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Some Kinda Good with Rebekah Faulk Lingenfelser: 4 techniques for boosting flavor in stocks, sauces
Rebekah Faulk 3rd one WEB
Rebekah Faulk Lingenfelser

When the air turns crisp and the evenings become dark earlier, a comforting and flavorful soup or slow-simmering stew on the stovetop is a welcome way to bring calm to a busy day's end. Served alongside a bright salad and a crusty loaf of Italian bread, the warmth and aromas of a good soup throughout the home can heal and soothe, like food for the soul.

Today, I'm sharing four cooking techniques that will add tons of flavor to your stocks, sauces and soups. Standard bouquet garni, sachet d'épices, oignon brûlé and oignon piqué are traditional French aromatic preparations called for again and again in recipes. Meant to enhance and support the flavors of a dish, they add subtle undertones of earthiness to stocks, sauces and soups by gently infusing the liquid with their aroma.

Try one of these techniques next time you set out to make a stock from scratch or a pot of soup, and your friends and family are sure to be impressed.

You'll need some kitchen twine and cheesecloth, which you can find at craft stores, such as Michaels or Hobby Lobby.

1. A bouquet garni, literally translated as "garnished bouquet," is made up of fresh herbs and vegetables tied into a bundle. Ingredients include:

1 sprig of fresh thyme
3 or 4 parsley stems
1 bay leaf
2 or 3 leek leaves and/or 1 celery stalk, cut in half lengthwise
1 carrot, cut in half lengthwise (optional)
1 parsnip, cut in half lengthwise (optional)

Rinse the leek leaves thoroughly, then use them as a base for stacking and wrapping the remaining ingredients. Tie a piece of kitchen twine around the bundle, and be sure to cut a piece of string long enough to tie the bouquet to the pot handle for easy removal. Note: Parsley leaves are stripped from the stems because they will impart unwanted color in your dish. You can always chop them up and use for garnish.

2. Sachet d'épices (pronounced "sa-SHAY DAY-pees") translates to "bag of spices." Containing ingredients that would otherwise get lost in the sauce, so to speak, such as peppercorns, cheesecloth is used to form a makeshift sack. Ingredients include:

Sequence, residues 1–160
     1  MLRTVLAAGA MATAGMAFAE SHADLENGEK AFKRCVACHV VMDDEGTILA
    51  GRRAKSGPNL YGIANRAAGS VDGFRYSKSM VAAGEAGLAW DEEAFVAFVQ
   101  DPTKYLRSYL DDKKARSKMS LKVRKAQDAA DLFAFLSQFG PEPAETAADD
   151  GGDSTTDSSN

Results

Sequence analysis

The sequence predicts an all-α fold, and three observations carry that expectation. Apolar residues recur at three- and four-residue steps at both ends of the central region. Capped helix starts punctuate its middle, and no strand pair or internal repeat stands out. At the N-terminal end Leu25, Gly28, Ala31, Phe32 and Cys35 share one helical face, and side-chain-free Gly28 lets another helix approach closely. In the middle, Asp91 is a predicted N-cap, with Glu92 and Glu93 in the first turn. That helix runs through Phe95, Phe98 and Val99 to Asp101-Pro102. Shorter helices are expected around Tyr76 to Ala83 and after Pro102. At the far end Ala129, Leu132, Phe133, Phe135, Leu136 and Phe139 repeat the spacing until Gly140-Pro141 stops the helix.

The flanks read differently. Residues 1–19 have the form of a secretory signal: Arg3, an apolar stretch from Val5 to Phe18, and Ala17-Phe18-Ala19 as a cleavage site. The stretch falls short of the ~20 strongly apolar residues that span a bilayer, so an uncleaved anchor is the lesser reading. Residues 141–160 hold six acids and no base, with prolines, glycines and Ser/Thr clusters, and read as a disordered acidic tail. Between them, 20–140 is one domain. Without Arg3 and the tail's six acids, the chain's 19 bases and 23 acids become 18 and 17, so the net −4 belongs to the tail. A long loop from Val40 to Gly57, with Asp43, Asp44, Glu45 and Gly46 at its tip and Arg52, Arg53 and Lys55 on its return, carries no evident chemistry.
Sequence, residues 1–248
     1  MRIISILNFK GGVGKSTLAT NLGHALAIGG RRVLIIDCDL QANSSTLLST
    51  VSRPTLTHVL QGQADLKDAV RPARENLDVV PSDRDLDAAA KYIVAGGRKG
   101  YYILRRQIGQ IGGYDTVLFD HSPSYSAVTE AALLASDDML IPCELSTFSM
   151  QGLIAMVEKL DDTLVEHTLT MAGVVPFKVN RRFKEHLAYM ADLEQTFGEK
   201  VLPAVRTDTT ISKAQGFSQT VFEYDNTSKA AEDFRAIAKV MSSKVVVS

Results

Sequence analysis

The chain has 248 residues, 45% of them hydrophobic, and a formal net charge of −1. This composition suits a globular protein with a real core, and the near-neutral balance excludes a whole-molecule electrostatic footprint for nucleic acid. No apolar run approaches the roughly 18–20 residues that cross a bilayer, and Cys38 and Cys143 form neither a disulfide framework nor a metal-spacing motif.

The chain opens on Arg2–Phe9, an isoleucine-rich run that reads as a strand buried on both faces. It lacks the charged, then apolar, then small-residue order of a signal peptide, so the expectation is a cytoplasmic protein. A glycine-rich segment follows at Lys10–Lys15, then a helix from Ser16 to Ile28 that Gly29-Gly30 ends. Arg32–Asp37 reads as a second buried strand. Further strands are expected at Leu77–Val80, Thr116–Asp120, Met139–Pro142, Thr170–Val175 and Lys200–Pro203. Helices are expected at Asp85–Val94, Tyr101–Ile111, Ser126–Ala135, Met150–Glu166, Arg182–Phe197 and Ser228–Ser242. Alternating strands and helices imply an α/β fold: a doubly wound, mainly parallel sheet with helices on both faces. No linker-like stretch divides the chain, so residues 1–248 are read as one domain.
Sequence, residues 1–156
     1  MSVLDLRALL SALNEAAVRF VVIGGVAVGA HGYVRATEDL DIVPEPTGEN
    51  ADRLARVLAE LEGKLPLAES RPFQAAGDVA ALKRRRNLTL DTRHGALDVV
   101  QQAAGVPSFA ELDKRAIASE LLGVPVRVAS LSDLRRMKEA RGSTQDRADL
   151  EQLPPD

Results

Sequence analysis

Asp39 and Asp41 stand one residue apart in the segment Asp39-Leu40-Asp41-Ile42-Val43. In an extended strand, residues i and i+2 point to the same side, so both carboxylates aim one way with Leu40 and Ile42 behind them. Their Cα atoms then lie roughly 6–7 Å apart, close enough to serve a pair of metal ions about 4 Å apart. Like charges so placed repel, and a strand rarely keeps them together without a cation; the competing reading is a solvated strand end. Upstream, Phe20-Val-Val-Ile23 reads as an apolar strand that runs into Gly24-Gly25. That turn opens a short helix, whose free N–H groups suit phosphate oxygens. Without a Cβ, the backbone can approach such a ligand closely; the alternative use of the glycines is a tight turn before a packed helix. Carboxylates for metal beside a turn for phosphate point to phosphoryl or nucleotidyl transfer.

3 or 4 parsley stems
1 sprig of thyme or 1 teaspoon of dried thyme
1 bay leaf
1 teaspoon of cracked peppercorns
1 garlic clove (optional)

Bundle the ingredients in a small rectangle of cheesecloth and secure the sack by tying it together with kitchen twine. As with the garnished bouquet, be sure to cut a piece of string long enough to tie the sachet to the pot handle for easy removal. Drop the sachet directly into the pot.

For small batch soups, stocks and sauces (less than 1 gallon), sachets and bouquets should be added in the last 15 to 30 minutes of cooking. For batches of several gallons or more, add it about one hour before the end of the cooking time.

3. The oignon brûlé has got to be my favorite technique. Translated "burnt onion," an oignon brûlé is made by peeling and halving an onion and charring the cut faces in a dry skillet. This may be the one time that it's OK to burn something intentionally while you're cooking! This technique is used in some stocks to provide golden brown color. I've used it while preparing vegetable stock, and the outcome was delightful.

Peel an onion, slice it in half, then place both halves face down in a dry skillet over high heat. If you have a gas oven, the onion may be placed directly on the flame. Be sure to burn the onion halves until they are black.

Place the burnt onions directly in the pot while your soup, sauce or stock simmers, and remove when the dish has finished cooking.

4. Oignon piqué, or "pricked" or "studded onion," is prepared by studding an onion with a few whole cloves and a bay leaf.

Attach one or more bay leaves to an onion by pushing whole cloves through the leaves into the onion like thumb tacks. Much like with the oignon brûlé, the oignon piqué is added directly to simmering liquid during the cooking process.

Try these techniques with recipes at, where you'll find lots of inspiration, like my Hearty Hamburger and Roasted Root Vegetable soups and Wild Georgia Shrimp and Corn Chowder. It was French Chef Louis P. De Gouy who said, "Good soup is one of the prime ingredients of good living. For soup can do more to lift the spirits and stimulate the appetite than any other one dish."

Georgia native Rebekah Faulk Lingenfelser is a food enthusiast, aspiring cooking show host and writer. The personality behind the blog, she is a student at Savannah Technical College's Culinary Institute of Savannah. Search Facebook for Some Kinda Good or tweet her @SKGFoodBlog.



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